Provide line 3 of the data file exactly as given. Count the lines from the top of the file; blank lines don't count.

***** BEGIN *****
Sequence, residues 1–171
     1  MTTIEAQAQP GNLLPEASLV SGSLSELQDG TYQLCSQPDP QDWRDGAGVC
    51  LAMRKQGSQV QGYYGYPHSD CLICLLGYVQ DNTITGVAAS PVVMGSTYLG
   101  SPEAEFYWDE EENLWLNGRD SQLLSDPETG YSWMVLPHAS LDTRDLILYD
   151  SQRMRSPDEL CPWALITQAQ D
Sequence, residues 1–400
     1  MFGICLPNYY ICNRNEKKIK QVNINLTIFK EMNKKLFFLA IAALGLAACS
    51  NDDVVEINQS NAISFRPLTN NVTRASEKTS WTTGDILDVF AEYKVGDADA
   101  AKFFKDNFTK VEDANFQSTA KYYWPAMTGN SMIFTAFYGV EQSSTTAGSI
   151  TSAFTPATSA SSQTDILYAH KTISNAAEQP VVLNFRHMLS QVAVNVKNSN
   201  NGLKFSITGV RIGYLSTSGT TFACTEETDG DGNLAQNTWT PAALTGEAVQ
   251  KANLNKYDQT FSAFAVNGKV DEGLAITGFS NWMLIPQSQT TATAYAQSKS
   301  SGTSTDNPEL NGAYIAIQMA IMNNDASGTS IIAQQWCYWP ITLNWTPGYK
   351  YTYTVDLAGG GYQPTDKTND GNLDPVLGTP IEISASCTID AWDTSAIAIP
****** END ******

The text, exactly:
    51  LAMRKQGSQV QGYYGYPHSD CLICLLGYVQ DNTITGVAAS PVVMGSTYLG